Despite falling revenue and a budget that looks bleaker by the day, Mayor Sheila Dixon's administration announced yesterday it had identified more than $2 million in additional money for youth programs.
By far the largest infusion of new money, $1.5 million, would be directed to community schools, which place social services and other programs inside city school buildings. And $250,000 would help pay to assign senior volunteers to schools.
The announcement of additional city funding for youth programs came a day after the administration announced it would forgo a 2-cent property tax cut in its $2.94 billion budget - a $5.4 million savings for the city - but officials said the two decisions were not related.
"This is a great first move by putting more money for opportunity in our base budget," said Hathaway Ferebee, executive director of Safe & Sound Campaign, a nonprofit that has lobbied City Hall for the funding.
New money for the programs came as the Board of Estimates yesterday unanimously approved the budget for the fiscal year that begins July 1 - a largely procedural step that initiates a months-long debate over the spending plan in the City Council.
In presenting the revised budget, city officials continued to sound alarms that the cooling economy has crunched the city's ability to maintain services. Finance officials said the city is wrestling with an imbalance in projected revenues and expenditures that may be as large as $35 million.
In an effort to save money, the board approved Dixon's decision to abandon a long-standing plan to reduce the property tax rate by 2 cents annually. The annual cuts started in 2005 under then-Mayor Martin O'Malley.
Asked whether the increased spending on youth programs would have been possible without forgoing the tax break Dixon said no. But administration officials said money saved from the tax cut is primarily needed to offset falling revenue.
"It wasn't necessarily a trade-off," Dixon said. "It's really looking at where we need to set our priorities."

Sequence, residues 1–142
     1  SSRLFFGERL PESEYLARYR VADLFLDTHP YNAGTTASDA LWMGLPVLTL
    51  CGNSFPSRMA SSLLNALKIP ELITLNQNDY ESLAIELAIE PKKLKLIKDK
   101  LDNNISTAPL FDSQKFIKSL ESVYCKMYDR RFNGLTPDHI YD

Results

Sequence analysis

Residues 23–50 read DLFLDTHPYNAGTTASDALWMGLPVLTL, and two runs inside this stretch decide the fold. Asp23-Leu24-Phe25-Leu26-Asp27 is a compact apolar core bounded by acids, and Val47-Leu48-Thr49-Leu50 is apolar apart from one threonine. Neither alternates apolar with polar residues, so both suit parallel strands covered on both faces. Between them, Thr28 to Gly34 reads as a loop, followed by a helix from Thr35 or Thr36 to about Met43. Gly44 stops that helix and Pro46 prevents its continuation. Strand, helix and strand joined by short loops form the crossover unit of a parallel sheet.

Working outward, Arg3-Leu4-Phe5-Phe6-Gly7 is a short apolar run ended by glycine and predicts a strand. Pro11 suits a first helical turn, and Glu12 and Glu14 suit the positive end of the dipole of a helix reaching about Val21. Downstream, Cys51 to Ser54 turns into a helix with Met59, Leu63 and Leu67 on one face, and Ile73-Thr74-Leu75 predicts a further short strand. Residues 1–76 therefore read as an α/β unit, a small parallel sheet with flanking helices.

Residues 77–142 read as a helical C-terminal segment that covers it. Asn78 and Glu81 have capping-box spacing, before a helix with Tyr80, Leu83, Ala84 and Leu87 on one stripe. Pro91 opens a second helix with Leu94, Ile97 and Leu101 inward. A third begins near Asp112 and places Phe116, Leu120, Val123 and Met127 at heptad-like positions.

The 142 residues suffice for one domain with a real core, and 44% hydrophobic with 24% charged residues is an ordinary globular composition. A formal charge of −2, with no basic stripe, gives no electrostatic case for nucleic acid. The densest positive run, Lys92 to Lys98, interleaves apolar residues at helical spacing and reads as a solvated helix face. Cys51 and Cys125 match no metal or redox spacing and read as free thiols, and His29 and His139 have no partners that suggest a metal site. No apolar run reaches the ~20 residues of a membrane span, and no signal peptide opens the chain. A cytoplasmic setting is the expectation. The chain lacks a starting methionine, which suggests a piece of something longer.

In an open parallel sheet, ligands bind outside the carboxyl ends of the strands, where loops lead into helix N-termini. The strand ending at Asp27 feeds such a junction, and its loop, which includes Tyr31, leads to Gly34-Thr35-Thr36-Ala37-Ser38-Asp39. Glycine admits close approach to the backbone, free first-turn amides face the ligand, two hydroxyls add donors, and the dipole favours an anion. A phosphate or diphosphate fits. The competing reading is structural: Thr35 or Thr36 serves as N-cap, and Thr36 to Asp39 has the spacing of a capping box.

Dixon had set aside $12 million for youth programs in her budget proposal, but advocates said the city would need to come up with an additional $5 million to match what was spent last year.
Yesterday, the administration earmarked $1.5 million for the community schools and $250,000 for Experience Corps, which places senior citizens in city schools as mentors. An additional $700,000 was identified for summer job programs.
"The money is extremely important because right now Baltimore City is being watched nationally," said Sheila Drummond, director of Baltimore Community School Connections, a nonprofit that helps coordinate the city's community schools. "It's crucial."
Drummond said there are 43 community schools sites in the city.
Experience Corps has 373 senior volunteers working in 20 schools, said Sylvia McGill, the director of public education programs at Experience Corps and the Greater Homewood Community Association. The $250,000 would keep the group's funding consistent with this year.
"The senior adults who volunteer in the schools provide a commitment for mentoring and tutoring kids and provide a mature presence in the schools," McGill said.
City Councilwoman Mary Pat Clarke, who has become a spokeswoman for the youth advocates, said it is important to spend money on students now rather than letting them become part of the criminal justice system at even greater expense later.
"The mayor has shown fiscal acumen here in keeping us whole so we could put a budget together that reflects the new realities," Clarke said. "But one of the new realities is that now, more than ever, our children need to be positively engaged."